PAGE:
I was feeling like a wrung-out dishrag.  The AC helped considerably, though.  My colleagues asked me if I had entered the day on the low side of hydration, calories, or sleep — a good reminder that YESTERDAY’S self-care impacts TODAY’S well-being.  While I thought I was on a pretty even keel, it is clear that something was amiss.  Maybe the something was simply the heat and the long green pants.  

I will bring my ranger shorts to change into in the future.

Walked home to discover that the swamp cooler was broken and it’s 86 in our apartment.  Oh, well!

July 12, 2009

My giant playground

Filed under: Uncategorized — Kathryn Colestock-Burke @ 10:54 pm

Victoria, 25, approached me as I typed in the ranger room at the Visitor Center (VC) on my off hours.  “Do you want to go play in the Fiery Furnace?” she queried.  It was sweet, kind of like when your puppy yips at the door to go for a walk, and you really do want to walk, so it is a win-win.

The Fiery Furnace is one of Arches’ mysterious places.  Only two 25-person tours go in daily, both ranger-led, because its maze of sandstone fins has no map, no trails, and most GPS units don’t work in there.  We do sell permits to individuals who watch an intro film, know they are going to get lost, and still insist on going in on their own.  Today Victoria and I would be those people. 

Ranger Victoria leads groups through there multiple times weekly.  It is different, however, to traipse in there without a route, and just go exploring.  Lots of the canyons end in dead ends. Others are impassable from rock falls or too-steep approaches.  You just have to go with the flow.

 It was 4 pm when we headed in, and there was plenty of shade from the huge walls.  The first thing we did was find a secluded comfortable canyon and lie down on a warm rock fin and just vegg.  We had three hours until we had to be out to catch a ride back to the VC with Ranger Patrick, who would be leading his 25 people through.

I lay there looking up at five tongues of rock hanging over the edge of the 100-foot cliff above me.  I realized that I had the privilege of being in a huge rock playground that very few others could access.  We decided that a combination of walking, exploring, resting, drinking water, and talking would be ideal for a hot July afternoon.  Never once did we encounter another individual.  We did get lost a few times, requiring back-tracking to get out of tight spots or precipices.  Enjoy a few pics from our Explore!

Fiery Furnace, 7 pm

Fiery Furnace, 7 pm

 

me in my playground

me in my playground

 

Intrepid rangers Victoria and Kathryn

Intrepid rangers Victoria and Kathryn

La Sal Mountains & Oowah Lake

rainstorm in the La Sals
rainstorm in the La Sals

Triple digits — time to get out of Dodge and beat the heat.  The La Sal Mountains (Spanish for ‘salt’) are only 45 min east of Arches, and the highest peaks reach 12,000 feet.  There are a couple of National Forest campgrounds nestled in there so Jess (a Wisconsin girl) and I throw our gear into her car and exit Moab. We have both been in the desert for a month now.  We are about to find out some interesting things about that.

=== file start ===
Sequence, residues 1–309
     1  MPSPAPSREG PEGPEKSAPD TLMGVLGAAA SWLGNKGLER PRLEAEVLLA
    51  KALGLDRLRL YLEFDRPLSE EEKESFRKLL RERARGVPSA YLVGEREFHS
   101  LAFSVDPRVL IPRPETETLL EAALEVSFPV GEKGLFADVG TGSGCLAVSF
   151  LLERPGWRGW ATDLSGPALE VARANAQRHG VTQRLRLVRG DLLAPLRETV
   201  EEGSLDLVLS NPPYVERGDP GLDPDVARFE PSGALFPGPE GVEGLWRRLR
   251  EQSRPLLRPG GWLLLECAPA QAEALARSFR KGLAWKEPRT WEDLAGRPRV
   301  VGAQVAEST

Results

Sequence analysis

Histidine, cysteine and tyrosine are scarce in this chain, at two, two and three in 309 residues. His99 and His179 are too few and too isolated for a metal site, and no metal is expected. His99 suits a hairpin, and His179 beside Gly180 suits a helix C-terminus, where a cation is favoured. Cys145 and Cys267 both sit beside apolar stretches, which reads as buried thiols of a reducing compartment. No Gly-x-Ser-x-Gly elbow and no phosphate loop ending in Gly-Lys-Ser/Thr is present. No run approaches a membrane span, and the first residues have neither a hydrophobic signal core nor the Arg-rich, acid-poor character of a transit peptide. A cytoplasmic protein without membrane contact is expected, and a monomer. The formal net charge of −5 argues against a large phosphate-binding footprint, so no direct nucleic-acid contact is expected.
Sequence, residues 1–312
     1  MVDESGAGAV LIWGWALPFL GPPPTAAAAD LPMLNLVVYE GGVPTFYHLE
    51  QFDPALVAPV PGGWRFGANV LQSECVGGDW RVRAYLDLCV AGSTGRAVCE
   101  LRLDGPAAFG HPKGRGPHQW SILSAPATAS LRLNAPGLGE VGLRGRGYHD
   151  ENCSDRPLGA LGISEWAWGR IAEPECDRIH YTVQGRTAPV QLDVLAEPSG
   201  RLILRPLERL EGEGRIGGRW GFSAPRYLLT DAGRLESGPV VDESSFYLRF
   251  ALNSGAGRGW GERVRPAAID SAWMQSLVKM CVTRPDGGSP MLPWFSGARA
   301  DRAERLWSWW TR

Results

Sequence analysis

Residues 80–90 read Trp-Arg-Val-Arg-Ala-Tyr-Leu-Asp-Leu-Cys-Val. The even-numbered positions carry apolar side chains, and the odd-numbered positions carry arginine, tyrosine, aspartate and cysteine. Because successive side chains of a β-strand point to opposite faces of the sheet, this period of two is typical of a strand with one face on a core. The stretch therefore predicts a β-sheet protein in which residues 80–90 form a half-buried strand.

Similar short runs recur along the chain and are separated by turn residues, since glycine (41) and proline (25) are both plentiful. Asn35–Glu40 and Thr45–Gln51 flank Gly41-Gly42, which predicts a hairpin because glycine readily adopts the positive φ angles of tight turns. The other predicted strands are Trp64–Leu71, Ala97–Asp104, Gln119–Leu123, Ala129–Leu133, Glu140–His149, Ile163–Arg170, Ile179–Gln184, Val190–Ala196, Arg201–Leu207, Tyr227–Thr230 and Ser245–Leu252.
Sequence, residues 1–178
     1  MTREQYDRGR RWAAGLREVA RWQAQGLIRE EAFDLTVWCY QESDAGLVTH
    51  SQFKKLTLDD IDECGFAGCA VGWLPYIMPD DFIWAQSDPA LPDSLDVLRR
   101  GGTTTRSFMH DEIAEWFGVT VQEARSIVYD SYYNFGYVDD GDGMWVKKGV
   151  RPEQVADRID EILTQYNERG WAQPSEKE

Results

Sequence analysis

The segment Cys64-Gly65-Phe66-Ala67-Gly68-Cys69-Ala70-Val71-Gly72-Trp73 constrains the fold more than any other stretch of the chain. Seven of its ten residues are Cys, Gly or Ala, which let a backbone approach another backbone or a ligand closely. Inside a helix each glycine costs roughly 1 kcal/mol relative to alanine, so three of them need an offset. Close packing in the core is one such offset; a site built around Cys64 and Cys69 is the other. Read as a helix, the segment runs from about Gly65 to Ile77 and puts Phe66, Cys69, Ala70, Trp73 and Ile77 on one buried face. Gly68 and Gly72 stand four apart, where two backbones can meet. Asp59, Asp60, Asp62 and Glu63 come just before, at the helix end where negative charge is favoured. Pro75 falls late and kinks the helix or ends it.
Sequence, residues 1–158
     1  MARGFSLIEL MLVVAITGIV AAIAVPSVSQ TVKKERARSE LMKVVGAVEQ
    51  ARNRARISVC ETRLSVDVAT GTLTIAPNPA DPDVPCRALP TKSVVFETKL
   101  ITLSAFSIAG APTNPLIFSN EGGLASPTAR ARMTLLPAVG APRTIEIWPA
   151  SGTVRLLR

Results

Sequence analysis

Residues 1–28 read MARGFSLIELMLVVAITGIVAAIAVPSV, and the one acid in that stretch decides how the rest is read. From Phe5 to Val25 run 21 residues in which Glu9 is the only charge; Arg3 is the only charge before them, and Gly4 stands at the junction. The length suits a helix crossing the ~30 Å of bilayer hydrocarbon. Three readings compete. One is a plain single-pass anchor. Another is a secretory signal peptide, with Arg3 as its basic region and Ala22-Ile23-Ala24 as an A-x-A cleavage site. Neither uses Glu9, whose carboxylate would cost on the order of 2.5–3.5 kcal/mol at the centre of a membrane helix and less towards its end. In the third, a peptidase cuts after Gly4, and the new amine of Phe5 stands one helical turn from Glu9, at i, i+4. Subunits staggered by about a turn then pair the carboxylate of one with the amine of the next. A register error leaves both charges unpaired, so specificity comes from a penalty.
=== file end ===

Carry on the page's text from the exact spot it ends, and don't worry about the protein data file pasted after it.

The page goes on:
The La Sals are a type of mountain called laccoliths, which simply means they were formed from igneous goo pushing up from underneath that never cracked the crust.  Kind of like a pimple on the earth’s surface.  We have three ranges of laccoliths that I can see simulataneously, so there is definitely something about the geology here that is different.

aspens high in the mountains

aspens high in the mountains

As we head south and east of town, we begin our ascent.  These pimples are fairly abrupt at their edges, and the flora becomes noticeably different as we rise.  It’s raining up there (makes its own clouds), and the air is cooler.  It smells really fresh.  We turn off the AC and roll all windows down.  Climb, climb.  Larger trees!  Trees with real leaves!  Deciduous trees!  Climb, climb.  Wildflowers in bloom!  Lupines!  Indian paintbrush!  Higher over the switchbacks, onto a dirt road.  Aspens!!  Huge aspens!!  Oh, my — a robin!  Listen!!  Northern birdsong!!  Wood thrush!  Warblers!  Tweets and chirps I can recognize!!  Conifers, sweet conifers, everywhere!

We looked at each other and simultaneously chimed, “We’re home!” and then laughed out loud. Neither of us had realized how “other” this desert home has been to us, until we found ourselves back on Terra Familiaris.

chicken on a stick, slathered with BBQ

chicken on a stick with BBQ

As we built our supper fire to cook our chicken breasts (which we had to saw up and spear onto sticks, so it looked like calamari), we talked about the missings we had for the north woods.  When we put the tent up, we could push the tent stakes right into the earth without pounding with a rock.  When we walked around, our feet felt padded by the earth instead of landing on hard stone with each step.  A babbling brook coursed down-mountain behind our site — so very north-woods-like.

cave woman cooking

cave woman cooking

Anything is better with BBQ sauce on it, so we took our best-we-could-do chicken breasts and slathered them with red stuff and ate them right off the sticks.  We felt like cave women.

And then we walked up to Oowah Lake.  I stifled a laugh.  It wouldn’t even pass for a small pond in MN, but someone got the bright idea to make an earthen dike along the creek, back it up, stock it with small rainbow hatchlings, call it a lake, and charge $5 to camp there.  It is, well, nice, unless you’re comparing it with northern MN lakes.

Warner "Lake" in the

Warner, a second "lake" in the La Sals (ahem... I could walk around it in eight minutes)

I will now admit to the tiniest twinge of homesickness when I experienced the La Sal Mountain ecosystem.  As long as MN was a distant memory, the desert’s mysterious beauty captivated me.  When the familiar birdsong and earthy smells struck my ears and nose, however, I realized that there is plenty to miss back home.